Main Dishes

Hawkers Asian Street Food




9 Tips For Choosing The Perfect Hawkers Asian Street Food Vendor

Hawkers Asian Street Food

Asian street food has become a popular option for many people. With so many vendors to choose from, how do you know which hawkers Asian street food is best for you? We have noticed many popping up in the USA now. This includes our Makansutra mate from Singapore, KF Seetoh. He is opening up a Singaporean Asian Street Food Hawker with 17 stalls (11 originating from Singapore) off Times Square in New York City. We’ll touch more on this later in this blog. From our Singapore Food Blog we’ll be giving you our personal 9 Tips For Choosing The Perfect Hawkers Asian Street Food Vendor.

To those who are unfamiliar. Hawker centres in Singapore are like enormous food courts. With stalls lining the outside selling everything from full meals and snacks to drinks. Most restaurants offer a menu that draws from local traditions. Also traditions from other parts of the world, such as Chinese, Malay, Indian, Indonesian, and Western cooking.

They are built to provide a cleaner option to traditional hawker carts and now house many vendors selling a variety of inexpensive foods. Customers at restaurants sit at a communal table. With wait staff serving icy cold beverages to the table, clearing and washing dishes and silverware in the back.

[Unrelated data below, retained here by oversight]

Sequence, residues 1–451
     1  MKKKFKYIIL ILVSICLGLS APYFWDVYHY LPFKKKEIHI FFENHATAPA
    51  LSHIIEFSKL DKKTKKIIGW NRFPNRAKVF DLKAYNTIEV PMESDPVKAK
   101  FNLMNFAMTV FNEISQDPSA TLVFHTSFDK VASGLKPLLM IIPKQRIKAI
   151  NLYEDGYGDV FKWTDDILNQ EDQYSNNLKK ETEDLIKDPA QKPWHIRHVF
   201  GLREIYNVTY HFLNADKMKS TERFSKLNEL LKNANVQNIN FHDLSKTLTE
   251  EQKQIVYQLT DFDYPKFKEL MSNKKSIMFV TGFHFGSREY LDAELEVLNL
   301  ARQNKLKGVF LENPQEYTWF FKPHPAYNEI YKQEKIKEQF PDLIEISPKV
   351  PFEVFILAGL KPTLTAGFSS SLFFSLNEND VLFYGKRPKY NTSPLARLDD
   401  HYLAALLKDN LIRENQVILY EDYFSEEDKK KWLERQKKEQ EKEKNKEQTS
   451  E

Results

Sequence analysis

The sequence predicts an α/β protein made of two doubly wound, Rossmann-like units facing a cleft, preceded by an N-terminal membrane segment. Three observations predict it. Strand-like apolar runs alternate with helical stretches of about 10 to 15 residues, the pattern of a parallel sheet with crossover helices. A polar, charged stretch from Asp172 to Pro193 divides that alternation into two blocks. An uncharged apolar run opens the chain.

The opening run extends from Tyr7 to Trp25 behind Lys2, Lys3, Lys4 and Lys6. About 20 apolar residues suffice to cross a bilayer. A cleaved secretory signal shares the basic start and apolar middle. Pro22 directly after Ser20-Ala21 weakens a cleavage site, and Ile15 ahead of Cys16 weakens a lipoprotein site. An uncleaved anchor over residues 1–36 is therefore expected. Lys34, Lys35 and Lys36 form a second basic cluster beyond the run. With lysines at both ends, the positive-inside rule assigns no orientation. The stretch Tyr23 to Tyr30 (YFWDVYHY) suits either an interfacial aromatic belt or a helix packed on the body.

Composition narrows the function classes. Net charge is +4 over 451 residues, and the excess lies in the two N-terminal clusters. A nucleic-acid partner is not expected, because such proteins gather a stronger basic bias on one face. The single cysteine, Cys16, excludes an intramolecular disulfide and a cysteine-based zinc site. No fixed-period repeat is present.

Asian Hawker Centers in the USA

If you happen to be in the USA have a look out for the following popular locales for a variety of hawkers Asian street food menus;

– Hawkers Asian street food Nashville,

– Hawkers Asian street food Jacksonville,

– Hawkers Asian street food Dallas,

– Hawkers Asian street food Charlotte, and

– Hawkers Asian street food Bethesda

I love the fact that our American cousins are embracing the hawker foods from Asia, including Singaporean hawker food. In fact, my Japanese sister-in-law has taken me around a few that already exist in and around New York State.

Unesco Heritage Sites

We respect the hawkers so much in Singapore that we lobbied to have it recognised by Unesco. In December 2020 that dream became reality.

In December 2020 Unesco added Singapore’s hawker culture to its list of world heritage sites. A 24-person international committee agreed to this proposal through online deliberations. It took only three minutes to complete the process, despite three years of work. This was executed by the National Heritage Board, the National Environment Agency, and the Federation of Merchants’ Associations.

By including hawker culture in the list, Singapore is promising to do more to preserve and promote it. Every six years Singapore must submit a report to Unesco. This is to detail the steps it has taken to preserve our hawker culture for future generations. Here’s hoping that’s respected.

The Covid impact…

This segment of F&B took quite a hammering during Covid and many fell to the wayside . Some were quick to adapt and offer takeout and deliveries, enabling them to survive. 

The team at islifearecipe.net pride ourselves on supporting our hawkers during Covid. We wrote a lot of content to promote as many stalls as we could during the 2 years of Covid. Every little helps…